Roraima state authorities asked Brazil’s Supreme Court to order a conciliation hearing with representatives from the federal government and the 26 other states to address the humanitarian crisis caused by the increasing number of Venezuelan immigrants seeking refuge in Brazil over the last two years.
In the motion lodged by the state’s Prosecutor-General’s Office, the government of Roraima stresses the need for federal officials to come up with a plan for the resettlement of immigrants across the country, and the necessary financial compensation measures that may arise as a result in each state.
“We’re asking the federal and state governments to sit at the table so we can discuss the introduction of migration quotas in order for each state to be able to partake in this responsibility,” Roraima Prosecutor-General Ernani Batista said Monday (20).
“Since the beginning, Roraima has shown solidarity towards the Venezuelan people, but we need the other states to play an active role in offering shelter as well,” Batista said.
The prosecutor noted that, under the law, the states and municipalities that receive the highest number of immigrants are entitled to have the financial funding earmarked for them by the federal government recalculated. This mitigates the burden taken up by public service providers, which comes as a result of the sudden increase in population.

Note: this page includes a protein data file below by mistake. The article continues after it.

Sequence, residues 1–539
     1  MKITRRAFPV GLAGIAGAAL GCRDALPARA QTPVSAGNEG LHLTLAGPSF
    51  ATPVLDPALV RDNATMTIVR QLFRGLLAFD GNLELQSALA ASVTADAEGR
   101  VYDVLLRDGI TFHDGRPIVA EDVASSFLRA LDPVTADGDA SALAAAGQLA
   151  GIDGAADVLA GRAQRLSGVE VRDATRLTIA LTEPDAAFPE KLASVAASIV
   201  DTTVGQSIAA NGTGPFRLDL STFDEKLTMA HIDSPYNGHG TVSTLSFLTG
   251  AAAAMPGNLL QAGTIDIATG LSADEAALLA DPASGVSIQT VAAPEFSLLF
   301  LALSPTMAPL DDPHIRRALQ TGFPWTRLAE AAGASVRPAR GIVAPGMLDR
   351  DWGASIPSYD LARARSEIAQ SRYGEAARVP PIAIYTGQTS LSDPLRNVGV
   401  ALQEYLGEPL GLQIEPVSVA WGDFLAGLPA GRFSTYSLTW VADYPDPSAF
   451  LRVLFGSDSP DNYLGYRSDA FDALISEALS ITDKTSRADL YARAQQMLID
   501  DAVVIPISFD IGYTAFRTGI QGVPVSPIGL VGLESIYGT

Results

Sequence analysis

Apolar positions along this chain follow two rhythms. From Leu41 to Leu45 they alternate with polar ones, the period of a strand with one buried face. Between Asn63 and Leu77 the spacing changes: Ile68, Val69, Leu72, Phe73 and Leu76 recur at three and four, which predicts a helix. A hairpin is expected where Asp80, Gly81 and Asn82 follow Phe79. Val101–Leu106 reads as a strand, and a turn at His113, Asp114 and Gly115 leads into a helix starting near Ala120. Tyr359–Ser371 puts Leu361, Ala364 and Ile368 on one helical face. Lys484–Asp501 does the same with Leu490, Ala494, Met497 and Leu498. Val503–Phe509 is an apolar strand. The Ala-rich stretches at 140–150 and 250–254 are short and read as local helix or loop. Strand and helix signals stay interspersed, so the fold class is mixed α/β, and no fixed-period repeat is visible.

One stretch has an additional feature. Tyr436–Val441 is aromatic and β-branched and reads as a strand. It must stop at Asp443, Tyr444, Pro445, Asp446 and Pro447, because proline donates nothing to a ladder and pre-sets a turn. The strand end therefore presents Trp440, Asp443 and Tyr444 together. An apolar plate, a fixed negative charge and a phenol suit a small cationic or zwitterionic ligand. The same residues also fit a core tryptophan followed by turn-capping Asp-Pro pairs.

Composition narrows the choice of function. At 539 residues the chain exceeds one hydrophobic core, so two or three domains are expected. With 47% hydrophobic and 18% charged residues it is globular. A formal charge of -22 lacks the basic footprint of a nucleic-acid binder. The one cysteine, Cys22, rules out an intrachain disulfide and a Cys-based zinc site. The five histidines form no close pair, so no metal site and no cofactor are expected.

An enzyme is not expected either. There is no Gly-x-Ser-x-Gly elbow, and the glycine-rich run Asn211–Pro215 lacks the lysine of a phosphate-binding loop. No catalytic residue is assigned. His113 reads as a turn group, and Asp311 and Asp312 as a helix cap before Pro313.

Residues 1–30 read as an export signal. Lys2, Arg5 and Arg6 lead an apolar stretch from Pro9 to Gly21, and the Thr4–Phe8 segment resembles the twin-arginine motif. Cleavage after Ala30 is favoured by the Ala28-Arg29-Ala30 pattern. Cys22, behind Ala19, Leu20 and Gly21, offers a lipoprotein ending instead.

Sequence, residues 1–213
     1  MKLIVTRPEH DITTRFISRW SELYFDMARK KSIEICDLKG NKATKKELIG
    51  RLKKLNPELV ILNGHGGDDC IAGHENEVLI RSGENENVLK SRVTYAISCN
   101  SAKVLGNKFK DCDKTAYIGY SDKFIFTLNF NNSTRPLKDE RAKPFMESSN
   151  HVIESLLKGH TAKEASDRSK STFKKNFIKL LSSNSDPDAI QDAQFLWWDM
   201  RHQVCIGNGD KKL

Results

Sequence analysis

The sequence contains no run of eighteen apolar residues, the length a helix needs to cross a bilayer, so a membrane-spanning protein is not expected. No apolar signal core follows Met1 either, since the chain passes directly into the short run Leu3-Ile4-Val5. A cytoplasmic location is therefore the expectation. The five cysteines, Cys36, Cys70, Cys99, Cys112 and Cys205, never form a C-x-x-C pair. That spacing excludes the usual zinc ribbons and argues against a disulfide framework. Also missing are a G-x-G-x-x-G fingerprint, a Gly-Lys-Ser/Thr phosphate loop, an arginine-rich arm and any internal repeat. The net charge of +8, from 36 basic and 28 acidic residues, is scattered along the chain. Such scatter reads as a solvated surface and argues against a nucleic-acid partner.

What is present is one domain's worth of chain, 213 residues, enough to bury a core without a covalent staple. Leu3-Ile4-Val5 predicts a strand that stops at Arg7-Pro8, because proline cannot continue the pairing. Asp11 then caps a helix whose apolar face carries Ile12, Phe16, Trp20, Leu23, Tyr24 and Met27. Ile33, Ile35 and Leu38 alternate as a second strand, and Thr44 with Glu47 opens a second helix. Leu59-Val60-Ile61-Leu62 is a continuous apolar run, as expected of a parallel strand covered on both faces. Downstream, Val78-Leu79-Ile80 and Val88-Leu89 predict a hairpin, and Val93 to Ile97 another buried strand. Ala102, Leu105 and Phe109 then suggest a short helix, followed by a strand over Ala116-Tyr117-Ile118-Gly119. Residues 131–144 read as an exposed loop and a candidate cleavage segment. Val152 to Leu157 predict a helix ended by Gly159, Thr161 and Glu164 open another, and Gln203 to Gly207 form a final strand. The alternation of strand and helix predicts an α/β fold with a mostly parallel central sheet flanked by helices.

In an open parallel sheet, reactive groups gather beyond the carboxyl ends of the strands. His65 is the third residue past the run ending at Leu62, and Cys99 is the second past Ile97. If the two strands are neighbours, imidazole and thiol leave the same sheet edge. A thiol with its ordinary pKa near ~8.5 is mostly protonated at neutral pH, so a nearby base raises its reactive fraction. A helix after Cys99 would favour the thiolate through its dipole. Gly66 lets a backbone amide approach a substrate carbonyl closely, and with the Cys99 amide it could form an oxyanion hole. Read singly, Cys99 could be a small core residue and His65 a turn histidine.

“Do not think that we are against [the presence of immigrants], or that we are prejudiced. We’ve always had good relations with Venezuela, but now we’re under considerably pressure,” Batista said, mentioning health care and public security services as well as the Judiciary, which has been given the responsibility over the enforcement of the rights of Venezuelans sheltered in the state.
This morning, Sergio Etchegoyen, head of the Cabinet for Institutional Security, rebutted the criticism by Roraima governor Suely Campos, who stated that the measures unveiled by the federal government after the recent conflicts between Brazilians and Venezuelans last Saturday (18) in Pacaraima, are essentially the same ones she had been requesting for two years.
Etchegoyen stated that the federal government has worked hard to speed up the relocation of Venezuelans throughout the country and to ensure the security and well-being of the population, without leaving aside a dignified treatment for the Venezuelans.